Yellow fever, Dengue, West Nile and Zika viruses are re-emerging mosquito-borne Flaviviruses of public health concern. However, the extent of human exposure to these viruses and associated disease burden in Kenya and Africa at large remains unknown. We assessed the seroprevalence of Yellow fever and other Flaviviruses in human populations in West Pokot and Turkana Counties of Kenya. These areas border Uganda, South Sudan and Ethiopia where recent outbreaks of Yellow fever and Dengue have been reported, with possibility of spillover to Kenya.


Human serum samples collected through a cross-sectional survey in West Pokot and Turkana Counties were screened for neutralizing antibodies to Yellow fever, Dengue-2, West Nile and Zika virus using the Plaque Reduction Neutralization Test (PRNT). Seroprevalence was compared by county, site and important human demographic characteristics. Adjusted odds ratios (aOR) were estimated using Firth logistic regression model.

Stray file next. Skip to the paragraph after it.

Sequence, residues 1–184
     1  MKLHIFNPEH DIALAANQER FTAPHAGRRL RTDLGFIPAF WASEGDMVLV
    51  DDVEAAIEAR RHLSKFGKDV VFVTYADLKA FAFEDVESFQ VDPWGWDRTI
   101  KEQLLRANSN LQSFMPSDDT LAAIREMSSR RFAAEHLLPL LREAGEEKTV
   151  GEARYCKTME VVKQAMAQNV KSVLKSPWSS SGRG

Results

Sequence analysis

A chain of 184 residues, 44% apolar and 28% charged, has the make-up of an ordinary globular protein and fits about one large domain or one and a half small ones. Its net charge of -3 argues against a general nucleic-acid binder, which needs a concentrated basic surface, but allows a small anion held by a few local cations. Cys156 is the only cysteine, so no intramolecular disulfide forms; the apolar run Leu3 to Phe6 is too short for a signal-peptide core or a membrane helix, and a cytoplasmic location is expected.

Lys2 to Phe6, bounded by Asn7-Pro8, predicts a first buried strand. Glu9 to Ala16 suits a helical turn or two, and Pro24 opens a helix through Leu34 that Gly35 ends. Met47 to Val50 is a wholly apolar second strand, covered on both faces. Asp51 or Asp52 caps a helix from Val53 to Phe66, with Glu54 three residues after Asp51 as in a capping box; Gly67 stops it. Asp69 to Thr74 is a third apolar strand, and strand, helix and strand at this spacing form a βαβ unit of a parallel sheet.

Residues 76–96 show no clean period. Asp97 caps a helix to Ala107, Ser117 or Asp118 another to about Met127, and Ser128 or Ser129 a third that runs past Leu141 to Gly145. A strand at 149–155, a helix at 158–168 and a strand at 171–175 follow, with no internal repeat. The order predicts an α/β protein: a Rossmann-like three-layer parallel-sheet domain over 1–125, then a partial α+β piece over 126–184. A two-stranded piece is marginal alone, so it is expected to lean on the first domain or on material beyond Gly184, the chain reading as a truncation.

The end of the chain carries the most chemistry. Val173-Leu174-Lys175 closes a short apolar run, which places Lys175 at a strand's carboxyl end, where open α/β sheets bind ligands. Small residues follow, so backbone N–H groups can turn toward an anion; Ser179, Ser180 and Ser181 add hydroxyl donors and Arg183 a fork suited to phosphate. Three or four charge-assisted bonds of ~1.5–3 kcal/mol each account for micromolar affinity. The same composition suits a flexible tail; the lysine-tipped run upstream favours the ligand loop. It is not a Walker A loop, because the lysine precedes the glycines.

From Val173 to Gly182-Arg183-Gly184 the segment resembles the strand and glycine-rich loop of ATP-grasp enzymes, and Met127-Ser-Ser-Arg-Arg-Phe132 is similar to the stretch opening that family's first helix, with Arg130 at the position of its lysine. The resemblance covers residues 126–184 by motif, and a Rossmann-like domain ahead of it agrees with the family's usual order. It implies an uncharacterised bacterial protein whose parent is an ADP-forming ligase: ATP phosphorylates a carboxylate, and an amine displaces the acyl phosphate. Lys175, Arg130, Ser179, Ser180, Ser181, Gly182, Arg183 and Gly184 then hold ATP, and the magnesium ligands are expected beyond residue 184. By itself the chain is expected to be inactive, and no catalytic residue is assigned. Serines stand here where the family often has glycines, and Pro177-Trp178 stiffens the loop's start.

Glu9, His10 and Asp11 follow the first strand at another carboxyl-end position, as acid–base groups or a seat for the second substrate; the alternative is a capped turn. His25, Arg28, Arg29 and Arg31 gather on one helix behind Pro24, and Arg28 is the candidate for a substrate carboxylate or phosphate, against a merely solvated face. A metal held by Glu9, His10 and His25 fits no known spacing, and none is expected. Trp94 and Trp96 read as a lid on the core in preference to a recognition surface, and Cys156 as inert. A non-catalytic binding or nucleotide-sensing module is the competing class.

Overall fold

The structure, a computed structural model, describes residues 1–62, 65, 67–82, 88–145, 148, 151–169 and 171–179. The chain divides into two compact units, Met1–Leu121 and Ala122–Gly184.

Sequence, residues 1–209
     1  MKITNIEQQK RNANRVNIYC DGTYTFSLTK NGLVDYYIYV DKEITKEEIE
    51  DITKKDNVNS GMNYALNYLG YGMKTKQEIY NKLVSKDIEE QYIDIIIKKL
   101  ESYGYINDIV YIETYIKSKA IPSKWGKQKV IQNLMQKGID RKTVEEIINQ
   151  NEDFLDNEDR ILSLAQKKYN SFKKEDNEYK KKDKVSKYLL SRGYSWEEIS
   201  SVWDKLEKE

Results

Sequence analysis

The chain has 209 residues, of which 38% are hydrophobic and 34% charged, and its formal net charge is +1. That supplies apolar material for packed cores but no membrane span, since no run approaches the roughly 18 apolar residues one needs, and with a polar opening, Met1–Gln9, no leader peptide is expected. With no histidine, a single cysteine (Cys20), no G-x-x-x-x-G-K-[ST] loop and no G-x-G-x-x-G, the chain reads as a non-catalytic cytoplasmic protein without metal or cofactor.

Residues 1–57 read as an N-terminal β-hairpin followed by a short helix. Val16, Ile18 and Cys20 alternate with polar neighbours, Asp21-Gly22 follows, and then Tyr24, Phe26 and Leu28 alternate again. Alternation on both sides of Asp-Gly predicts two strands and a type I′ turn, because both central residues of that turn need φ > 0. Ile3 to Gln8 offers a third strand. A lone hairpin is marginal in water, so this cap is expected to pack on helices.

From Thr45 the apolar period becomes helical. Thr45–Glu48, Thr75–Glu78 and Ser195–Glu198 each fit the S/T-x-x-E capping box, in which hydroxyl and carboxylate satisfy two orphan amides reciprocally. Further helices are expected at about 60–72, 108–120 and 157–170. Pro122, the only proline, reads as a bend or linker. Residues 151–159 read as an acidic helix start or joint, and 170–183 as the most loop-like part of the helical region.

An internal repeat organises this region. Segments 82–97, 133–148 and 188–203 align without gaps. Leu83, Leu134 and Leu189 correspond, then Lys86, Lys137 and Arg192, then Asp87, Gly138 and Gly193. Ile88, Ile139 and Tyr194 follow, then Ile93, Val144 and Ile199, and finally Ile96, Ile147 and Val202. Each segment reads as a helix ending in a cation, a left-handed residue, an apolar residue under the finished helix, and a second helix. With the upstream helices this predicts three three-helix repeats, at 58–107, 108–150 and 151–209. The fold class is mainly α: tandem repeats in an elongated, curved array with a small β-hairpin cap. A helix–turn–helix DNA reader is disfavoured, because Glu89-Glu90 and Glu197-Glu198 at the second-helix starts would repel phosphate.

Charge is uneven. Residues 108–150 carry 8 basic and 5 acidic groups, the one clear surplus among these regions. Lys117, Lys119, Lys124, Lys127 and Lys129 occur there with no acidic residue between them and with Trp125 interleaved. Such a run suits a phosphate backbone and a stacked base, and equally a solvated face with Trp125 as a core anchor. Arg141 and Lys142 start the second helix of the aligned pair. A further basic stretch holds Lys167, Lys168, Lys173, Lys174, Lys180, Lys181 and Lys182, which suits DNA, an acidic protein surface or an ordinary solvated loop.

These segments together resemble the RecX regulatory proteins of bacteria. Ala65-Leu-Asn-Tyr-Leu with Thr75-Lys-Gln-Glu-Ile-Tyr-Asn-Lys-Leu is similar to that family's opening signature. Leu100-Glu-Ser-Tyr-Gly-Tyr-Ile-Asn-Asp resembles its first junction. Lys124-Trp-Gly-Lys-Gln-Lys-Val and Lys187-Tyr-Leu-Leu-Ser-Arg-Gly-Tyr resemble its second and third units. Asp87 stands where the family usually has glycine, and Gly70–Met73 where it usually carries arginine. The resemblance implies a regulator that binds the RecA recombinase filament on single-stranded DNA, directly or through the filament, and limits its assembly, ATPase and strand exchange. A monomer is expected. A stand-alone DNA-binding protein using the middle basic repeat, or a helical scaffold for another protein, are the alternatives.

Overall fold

Of 877 samples tested, 127 neutralized with at least one of the four flaviviruses (14.5, 95% CI 12.3-17.0%), with a higher proportion in Turkana (21.1%, n = 87/413) than in West Pokot (8.6%, n = 40/464). Zika virus seroprevalence was significantly higher in West Pokot (7.11%) than in Turkana County (0.24%; χ2 P < 0.0001). A significantly higher Yellow fever virus seroprevalence was also observed in Turkana (10.7%) compared to West Pokot (1.29%; χ2 P < 0.0001). A high prevalence of West Nile virus was detected in Turkana County only (10.2%) while Dengue was only detected in one sample, from West Pokot. The odds of infection with West Nile virus was significantly higher in males than in females (aOR = 2.55, 95% CI 1.22-5.34). Similarly, the risk of Zika virus infection in West Pokot was twice higher in males than females (aOR = 2.01, 95% CI 0.91-4.41).